KU Yonson Kobe University Hospital, Research Associate, 医学部附属病院, 助手 (40195615)
OHYANAGI Harumasa Kobe University School of Medicine, Associate Professor, 医学部, 助教授 (00030958)
SAITOH Yoichi Kobe University School of Medicine, Professor, 医学部, 教授 (90004803)
1. To minimize technical problems in pancreas transplantation, we developed a new technique in which a pancreas graft was placed in the neck, with exocrine drainage by pancreatic ductesophageal anastomosis in dogs (Transplantation 44, 583, 1987). This time we have made sure that the autograft maintains normal exocrine and endocrine functions during at least 3 years (Ref. 4) and also demonstrated the safety of this method for pancreas allotransplantation (Ref. 7).
2. We developed a new two-layer-simple cold storage method using perfluorochemical (PFC) for canine pancreas, preservation (Transplantation 46, 457, 1988, and Ref. 2). Using Euro-Collins' solution (EC) as a preservation solution, we have extended the canine pancreas preservation time up to 72 hours (Ref. 3 and 8). In addition 99 hour preservation of canine pancreas has been achieved by this method using UW solution in place of EC (Ref. 9). We have clarified the mechanism of pancreas oxygenation during preservation of this metho
d (Ref. 6) and oxygenation of the pancreas allows continued ATP production within the graft and metabolic processes vital to cellular integrity can be maintained, which produces an extended period of preserved pancreatic viability (Ref. 13). We also have found that graft function after transplantation is correlated with ATP tissue concentration, with superior results associated with high ATP level provided by the two layer method (Ref. 11) and the tissue level of ATP at the end of cold preservation by this method will predict the viability of the pancreas graft following transplantation (Ref. 12). To transfer this method to clinical settings, we have clarified that human pancreas is also oxygenated and maintains high ATP tissue concentration during at least 48 hour preservation (Ref. 14).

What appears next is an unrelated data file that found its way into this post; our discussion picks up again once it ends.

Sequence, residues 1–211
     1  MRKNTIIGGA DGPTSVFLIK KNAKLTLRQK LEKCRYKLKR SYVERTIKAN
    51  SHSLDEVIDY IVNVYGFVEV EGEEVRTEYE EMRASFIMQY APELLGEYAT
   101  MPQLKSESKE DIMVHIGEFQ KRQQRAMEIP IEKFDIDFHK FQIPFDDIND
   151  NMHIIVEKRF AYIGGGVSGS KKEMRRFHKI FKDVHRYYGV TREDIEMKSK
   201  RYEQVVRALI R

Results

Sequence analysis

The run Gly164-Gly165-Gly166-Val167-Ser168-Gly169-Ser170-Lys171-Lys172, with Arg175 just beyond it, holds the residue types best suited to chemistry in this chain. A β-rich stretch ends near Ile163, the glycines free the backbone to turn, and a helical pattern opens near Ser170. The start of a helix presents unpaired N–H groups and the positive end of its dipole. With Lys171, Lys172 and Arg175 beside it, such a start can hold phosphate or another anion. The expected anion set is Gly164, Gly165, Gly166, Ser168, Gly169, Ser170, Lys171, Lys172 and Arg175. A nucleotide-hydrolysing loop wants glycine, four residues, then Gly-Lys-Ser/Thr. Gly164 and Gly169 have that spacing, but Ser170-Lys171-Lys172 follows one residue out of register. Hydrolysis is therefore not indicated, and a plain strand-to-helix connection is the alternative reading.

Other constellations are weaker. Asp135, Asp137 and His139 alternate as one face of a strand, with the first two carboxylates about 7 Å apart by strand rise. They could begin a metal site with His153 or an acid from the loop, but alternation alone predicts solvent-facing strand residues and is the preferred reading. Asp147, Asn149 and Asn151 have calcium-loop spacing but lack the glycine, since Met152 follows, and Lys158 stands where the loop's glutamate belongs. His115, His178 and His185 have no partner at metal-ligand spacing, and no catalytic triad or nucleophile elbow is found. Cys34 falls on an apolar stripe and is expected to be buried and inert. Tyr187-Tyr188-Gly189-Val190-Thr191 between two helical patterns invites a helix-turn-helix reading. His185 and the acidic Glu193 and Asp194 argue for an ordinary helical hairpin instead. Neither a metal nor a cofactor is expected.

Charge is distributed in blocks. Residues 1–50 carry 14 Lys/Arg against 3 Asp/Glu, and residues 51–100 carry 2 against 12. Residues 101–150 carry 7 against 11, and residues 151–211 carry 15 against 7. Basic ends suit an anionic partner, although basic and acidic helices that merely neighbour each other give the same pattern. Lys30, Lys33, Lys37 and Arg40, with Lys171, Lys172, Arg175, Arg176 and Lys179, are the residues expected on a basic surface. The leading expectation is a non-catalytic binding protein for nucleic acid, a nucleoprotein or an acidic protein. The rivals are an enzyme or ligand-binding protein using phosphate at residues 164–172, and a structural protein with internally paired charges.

3. We found that serum pancreatic secretory trypsin inhibitor (PSTI) was elevated in the early process of experimental canine pancreas rejection (Transplantation 46, 493, 1988 and Ref. 1) and this elevation is suppressed by immunosuppressive drugs (Ref. 7). In clinical pancreas graft rejection, serum PSTI is also an early sensitive and reliable marker (Ref. 10). Less